Jim has a BS degree in Horticulture from the University of Wisconsin in Madison and has 60+ years of experience in the industry. Here, he shares some helpful tips for your 2021 gardening season in Carlton, Duluth, Cloquet, Superior, Aitkin, and McGregor:
“Pollinators” is a commonly used term of late. These include bees, butterflies, even hummingbirds & more. It’s all about the perpetuation of the species, whether the pollinators themselves or the plants they pollinate. Plant pollination is all about the production of seeds for the next generation. Many plants are pollinated by wind, some by flies, like carrots, but the main concern is those that are pollinated by the bees, etc.
The word pollinator is used for the insect or bird that carries pollen with it, but it is also used to refer to the plant that provides the pollen to fertilize the flower on the plant that will bear the fruit. The context where the word is used will determine which is being referred to. Plants that require a pollinator need one of the same species but of a different variety, to set fruit. These include apples, plums, pears, and the list goes on. Some of these will set fruit without a different variety nearby, but the fruit set is less, meaning that to have the best result, two different varieties must be planted Some fruits like cherries and peaches that can be grown in colder climates, are self-fertile, meaning they don’t need a different pollinator. But for those that require pollination by a different variety, these pollinators are a must.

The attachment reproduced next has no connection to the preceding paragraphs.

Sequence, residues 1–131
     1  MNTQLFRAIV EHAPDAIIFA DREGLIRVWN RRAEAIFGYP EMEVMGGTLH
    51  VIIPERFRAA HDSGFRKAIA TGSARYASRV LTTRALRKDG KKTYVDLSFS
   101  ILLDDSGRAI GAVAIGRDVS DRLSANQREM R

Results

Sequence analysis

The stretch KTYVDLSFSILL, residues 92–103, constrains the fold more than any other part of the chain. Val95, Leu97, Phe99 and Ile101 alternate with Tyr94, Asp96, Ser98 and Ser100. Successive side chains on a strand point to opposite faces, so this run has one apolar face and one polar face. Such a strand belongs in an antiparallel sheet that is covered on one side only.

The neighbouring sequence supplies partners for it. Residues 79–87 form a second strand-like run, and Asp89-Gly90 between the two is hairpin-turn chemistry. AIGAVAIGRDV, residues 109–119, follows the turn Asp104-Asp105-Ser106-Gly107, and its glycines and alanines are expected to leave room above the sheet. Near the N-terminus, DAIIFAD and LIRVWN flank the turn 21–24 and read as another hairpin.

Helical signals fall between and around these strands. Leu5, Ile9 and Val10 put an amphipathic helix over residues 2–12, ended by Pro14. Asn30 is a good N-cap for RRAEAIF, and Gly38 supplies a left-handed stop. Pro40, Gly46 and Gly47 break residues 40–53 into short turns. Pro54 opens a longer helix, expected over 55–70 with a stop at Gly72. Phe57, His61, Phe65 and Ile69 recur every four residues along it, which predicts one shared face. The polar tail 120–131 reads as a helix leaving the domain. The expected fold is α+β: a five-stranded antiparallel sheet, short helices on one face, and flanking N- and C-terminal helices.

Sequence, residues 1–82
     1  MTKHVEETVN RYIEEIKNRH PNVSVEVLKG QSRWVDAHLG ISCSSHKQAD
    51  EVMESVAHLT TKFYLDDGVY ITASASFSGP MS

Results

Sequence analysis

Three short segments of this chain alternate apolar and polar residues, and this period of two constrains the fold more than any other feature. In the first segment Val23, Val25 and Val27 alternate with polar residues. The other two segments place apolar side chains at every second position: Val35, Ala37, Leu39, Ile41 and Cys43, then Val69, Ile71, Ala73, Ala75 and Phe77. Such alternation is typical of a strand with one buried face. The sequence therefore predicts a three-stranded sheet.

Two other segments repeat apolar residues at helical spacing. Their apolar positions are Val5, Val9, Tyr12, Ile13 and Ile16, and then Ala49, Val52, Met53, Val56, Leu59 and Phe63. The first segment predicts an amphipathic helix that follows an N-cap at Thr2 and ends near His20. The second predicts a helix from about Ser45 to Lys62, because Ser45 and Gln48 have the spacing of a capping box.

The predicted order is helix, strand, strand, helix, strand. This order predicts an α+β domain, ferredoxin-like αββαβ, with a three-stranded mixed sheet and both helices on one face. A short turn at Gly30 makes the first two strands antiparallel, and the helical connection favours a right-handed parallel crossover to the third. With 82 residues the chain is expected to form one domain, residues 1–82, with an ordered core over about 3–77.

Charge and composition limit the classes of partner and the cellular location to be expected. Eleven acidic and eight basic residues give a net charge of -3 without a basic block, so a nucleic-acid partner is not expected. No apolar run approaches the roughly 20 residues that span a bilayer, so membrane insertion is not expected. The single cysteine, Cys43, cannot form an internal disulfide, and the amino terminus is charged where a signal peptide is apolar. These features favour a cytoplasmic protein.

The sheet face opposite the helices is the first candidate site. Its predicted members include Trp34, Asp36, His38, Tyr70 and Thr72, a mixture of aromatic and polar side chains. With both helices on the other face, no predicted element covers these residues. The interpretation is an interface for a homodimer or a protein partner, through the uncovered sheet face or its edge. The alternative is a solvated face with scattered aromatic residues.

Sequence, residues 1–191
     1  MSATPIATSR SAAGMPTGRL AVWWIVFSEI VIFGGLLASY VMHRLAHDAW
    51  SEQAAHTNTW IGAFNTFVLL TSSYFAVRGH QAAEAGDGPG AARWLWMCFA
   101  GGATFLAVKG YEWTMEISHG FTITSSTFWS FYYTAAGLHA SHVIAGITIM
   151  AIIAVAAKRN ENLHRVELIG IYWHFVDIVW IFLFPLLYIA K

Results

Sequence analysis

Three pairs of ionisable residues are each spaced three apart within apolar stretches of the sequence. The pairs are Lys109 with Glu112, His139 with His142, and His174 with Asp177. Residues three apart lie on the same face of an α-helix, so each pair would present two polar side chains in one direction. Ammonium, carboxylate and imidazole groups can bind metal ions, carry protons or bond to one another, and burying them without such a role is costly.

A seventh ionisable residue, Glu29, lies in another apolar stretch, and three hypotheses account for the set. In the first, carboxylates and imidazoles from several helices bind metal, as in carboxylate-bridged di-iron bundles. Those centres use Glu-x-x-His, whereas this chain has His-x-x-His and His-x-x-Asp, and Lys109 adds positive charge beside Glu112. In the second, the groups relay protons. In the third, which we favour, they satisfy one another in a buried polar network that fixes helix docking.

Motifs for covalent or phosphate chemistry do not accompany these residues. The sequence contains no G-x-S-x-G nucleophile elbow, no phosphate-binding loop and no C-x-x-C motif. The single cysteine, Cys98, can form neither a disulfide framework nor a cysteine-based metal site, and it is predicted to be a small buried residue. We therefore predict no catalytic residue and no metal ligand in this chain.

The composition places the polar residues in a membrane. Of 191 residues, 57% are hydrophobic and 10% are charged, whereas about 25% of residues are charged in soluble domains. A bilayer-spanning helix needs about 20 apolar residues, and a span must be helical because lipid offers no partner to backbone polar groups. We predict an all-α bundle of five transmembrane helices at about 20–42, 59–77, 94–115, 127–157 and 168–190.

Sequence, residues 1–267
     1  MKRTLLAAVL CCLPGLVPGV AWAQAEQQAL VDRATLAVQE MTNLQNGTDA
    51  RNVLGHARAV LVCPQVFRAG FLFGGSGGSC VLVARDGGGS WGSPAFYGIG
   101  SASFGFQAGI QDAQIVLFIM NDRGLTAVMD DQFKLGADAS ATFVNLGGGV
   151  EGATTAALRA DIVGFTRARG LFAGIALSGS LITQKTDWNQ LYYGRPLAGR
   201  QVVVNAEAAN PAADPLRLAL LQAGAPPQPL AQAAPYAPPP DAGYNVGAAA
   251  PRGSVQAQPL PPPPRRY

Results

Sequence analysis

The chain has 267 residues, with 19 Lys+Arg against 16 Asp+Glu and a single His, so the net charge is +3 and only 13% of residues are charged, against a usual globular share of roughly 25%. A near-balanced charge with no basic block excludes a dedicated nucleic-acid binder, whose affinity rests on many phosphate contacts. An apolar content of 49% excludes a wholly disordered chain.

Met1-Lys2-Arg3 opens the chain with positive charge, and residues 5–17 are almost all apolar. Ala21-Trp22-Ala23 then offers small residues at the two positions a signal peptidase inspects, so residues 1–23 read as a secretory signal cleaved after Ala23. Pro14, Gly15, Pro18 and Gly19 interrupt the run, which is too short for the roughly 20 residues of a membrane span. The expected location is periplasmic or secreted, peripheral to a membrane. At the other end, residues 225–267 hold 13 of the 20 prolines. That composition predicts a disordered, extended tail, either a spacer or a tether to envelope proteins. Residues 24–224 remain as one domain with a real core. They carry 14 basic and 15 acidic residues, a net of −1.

For the most part, our garden vegetables are almost all self-fertile. Basic botany: Most all fruit-bearing plants produce flowers that have both male and female parts. You can’t have fruit without flowers. With very, very few exceptions crosses between genera are never successful as they will not cross. So, you can’t cross apples and plums and get pluplles or apllums, it just doesn’t work. That would be like trying to cross dogs and cats (they are generally already cross with each other).
So, how do they get seedless watermelons? It’s by the crossing of varieties with two chromosomes (called diploids) with those with four chromosomes (called tetraploids) they get what is called triploid, and these are sterile, no seeds. These are NOT GMO!!
The benefit for the pollinators themselves is simply the food source. A word commonly in use today is the word “generic.” We use it when referring to unbranded drugs or food. In most dictionaries, that is the essence of the first definition. But long before the existence of those things, generic had a different application, and that exists today as the second or even third definition. In the plant field, the original use of the word is still very much in use.